Can you identify examples of alliteration, assonance, simile, metaphor, and paradox in "Mending Wall"?

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Many have argued that the entire poem is a metaphor, though Robert Frost cautioned against reinterpretation by those who read the poem's wall or fence as the Berlin Wall and the poem as standing for the Cold War.

The neighbor's motto is a paradox: if the neighbors were really good neighbors, they would not really need a fence. The narrator teasingly points to this contradiction.

There is only one simile, using like in comparing the neighbor to a savage:

like an old-stone savage armed.

Within the personification of the trees, one finds a metaphor for inappropriate border-crossing, for the trees can only figuratively move or eat.

My apple trees will never get across
And eat the cones under his pines....

The neighbor's negative attitude is metaphorically compared to darkness:

He moves in darkness as it seems to me,
Not of woods only and the shade of trees.

Frost uses alliteration sparingly; in contrast, assonance abounds. Alliteration, repeated consonant sounds, can be seen in the "s" and closely related "z" sounds:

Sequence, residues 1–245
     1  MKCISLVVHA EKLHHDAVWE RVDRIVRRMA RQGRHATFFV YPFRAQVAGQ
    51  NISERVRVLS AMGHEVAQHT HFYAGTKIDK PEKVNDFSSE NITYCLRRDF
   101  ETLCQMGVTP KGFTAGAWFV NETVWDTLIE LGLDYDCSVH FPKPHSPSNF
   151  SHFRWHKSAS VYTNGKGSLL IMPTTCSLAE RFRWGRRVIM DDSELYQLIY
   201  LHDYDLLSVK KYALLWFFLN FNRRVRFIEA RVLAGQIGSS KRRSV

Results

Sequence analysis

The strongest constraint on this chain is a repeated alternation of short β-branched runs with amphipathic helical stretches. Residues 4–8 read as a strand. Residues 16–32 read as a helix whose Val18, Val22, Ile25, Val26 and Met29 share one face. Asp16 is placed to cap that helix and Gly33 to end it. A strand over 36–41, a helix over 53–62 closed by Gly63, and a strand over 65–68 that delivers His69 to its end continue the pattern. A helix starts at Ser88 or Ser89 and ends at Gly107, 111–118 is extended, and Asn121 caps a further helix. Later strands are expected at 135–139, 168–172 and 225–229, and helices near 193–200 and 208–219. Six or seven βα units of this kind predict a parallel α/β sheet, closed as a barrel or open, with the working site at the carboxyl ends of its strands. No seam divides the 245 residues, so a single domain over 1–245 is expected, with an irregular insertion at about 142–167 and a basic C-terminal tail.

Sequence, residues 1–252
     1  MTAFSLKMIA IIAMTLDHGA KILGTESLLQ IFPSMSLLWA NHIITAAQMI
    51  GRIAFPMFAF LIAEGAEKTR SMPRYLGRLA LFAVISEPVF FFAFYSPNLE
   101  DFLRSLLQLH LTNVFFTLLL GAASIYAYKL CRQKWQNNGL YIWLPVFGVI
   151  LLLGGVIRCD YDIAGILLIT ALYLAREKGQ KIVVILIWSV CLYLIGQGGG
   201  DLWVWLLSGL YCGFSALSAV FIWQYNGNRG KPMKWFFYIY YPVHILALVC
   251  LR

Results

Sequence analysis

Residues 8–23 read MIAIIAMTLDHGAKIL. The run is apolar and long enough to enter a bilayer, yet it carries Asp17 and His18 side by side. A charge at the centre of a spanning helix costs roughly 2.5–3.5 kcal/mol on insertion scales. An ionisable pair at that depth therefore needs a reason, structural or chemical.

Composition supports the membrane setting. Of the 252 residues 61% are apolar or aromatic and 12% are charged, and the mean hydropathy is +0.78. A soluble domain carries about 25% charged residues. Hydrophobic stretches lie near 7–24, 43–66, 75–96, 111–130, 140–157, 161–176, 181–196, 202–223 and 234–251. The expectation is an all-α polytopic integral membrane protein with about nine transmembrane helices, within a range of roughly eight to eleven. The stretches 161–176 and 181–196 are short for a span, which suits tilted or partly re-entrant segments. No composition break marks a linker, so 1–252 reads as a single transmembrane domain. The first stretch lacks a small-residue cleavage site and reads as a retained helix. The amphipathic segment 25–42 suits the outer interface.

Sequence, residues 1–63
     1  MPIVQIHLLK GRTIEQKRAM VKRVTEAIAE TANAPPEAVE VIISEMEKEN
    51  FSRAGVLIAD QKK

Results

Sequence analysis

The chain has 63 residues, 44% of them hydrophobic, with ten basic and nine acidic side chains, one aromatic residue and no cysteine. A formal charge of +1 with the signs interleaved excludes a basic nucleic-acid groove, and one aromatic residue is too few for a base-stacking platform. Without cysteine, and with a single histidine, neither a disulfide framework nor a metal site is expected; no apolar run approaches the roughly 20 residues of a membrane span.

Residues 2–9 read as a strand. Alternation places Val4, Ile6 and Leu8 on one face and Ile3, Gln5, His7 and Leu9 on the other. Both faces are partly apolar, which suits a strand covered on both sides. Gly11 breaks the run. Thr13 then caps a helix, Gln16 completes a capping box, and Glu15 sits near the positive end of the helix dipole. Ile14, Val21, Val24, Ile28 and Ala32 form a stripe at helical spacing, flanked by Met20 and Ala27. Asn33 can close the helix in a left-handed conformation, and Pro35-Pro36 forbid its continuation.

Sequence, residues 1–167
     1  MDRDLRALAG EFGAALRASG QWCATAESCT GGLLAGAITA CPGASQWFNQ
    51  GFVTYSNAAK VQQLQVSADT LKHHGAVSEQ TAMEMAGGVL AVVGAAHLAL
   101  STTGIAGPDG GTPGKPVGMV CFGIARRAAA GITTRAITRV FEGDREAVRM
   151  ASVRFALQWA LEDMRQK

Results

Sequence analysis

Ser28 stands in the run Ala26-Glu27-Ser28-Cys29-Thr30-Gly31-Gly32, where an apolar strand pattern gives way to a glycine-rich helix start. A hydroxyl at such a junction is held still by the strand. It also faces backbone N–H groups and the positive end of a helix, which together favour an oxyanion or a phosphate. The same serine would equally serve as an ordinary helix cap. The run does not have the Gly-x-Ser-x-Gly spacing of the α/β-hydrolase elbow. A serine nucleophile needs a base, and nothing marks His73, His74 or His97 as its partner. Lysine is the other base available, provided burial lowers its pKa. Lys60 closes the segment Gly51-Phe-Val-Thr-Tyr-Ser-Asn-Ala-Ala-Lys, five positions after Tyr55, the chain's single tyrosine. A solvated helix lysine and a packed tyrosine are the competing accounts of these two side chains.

That sends the frozen-ground-swell under it,
And spills the upper boulders in the sun....

Assonance, repeated vowel sounds, from the first line draw repeatedly on sounds equivalent to or very near the "aw" in "wall," such as "oh" and "uh."

Something there is that doesn't love a wall....

Where they have left not one stone on a stone....

And some are loaves and some so nearly balls....

One on a side. It comes to little more....

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Well, the guidelines of this website allow for one question a day, but I can try to help you with at least one of the questions that you posed.

I can help you to find examples of similes and metaphors in the poem "Mending Wall".  Metaphor is when you compare two things that have similar attributes.  For example, in the poem, Frost compares the shape of some of the rocks that have fallen out of the wall to "loaves" and "balls", which makes it difficult for them to put them back into the wall, because of all of the rounded edges.  They won't stay put.  He says to get them to stay, "we have to use a spell to make them balance."  It is not a literal spell; he is just saying that the balancing act they have to do is similar to chanting a mysterious spell it is so difficult, which is another metaphor.

Similes are the same as metaphors, just comparing two things to each other using the words "like" or "as".  Near the end of the poem, Frost describes his neighbor hauling huge rocks, and says he is "like an old-stone savage armed."  The image of his neighbor carrying a stone towards him makes him think back to days when savage men used rocks as weapons against each other; it just affirms his feeling that walls are uneccessary and outdated in their world.

I hope that those thoughts helped; good luck with the poem!

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